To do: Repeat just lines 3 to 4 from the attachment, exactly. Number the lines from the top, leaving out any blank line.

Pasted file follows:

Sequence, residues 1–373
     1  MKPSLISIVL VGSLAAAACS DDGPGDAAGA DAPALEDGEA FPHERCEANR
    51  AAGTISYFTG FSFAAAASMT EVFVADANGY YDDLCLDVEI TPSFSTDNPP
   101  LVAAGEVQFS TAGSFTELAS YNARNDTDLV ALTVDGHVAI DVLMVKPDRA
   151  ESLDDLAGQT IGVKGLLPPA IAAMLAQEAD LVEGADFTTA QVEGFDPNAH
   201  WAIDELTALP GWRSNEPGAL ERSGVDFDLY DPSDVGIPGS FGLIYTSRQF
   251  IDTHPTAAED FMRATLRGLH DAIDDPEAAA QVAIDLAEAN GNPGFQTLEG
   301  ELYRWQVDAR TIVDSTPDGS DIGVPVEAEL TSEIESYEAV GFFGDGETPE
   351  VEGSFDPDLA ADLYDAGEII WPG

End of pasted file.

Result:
    51  AAGTISYFTG FSFAAAASMT EVFVADANGY YDDLCLDVEI TPSFSTDNPP
   101  LVAAGEVQFS TAGSFTELAS YNARNDTDLV ALTVDGHVAI DVLMVKPDRA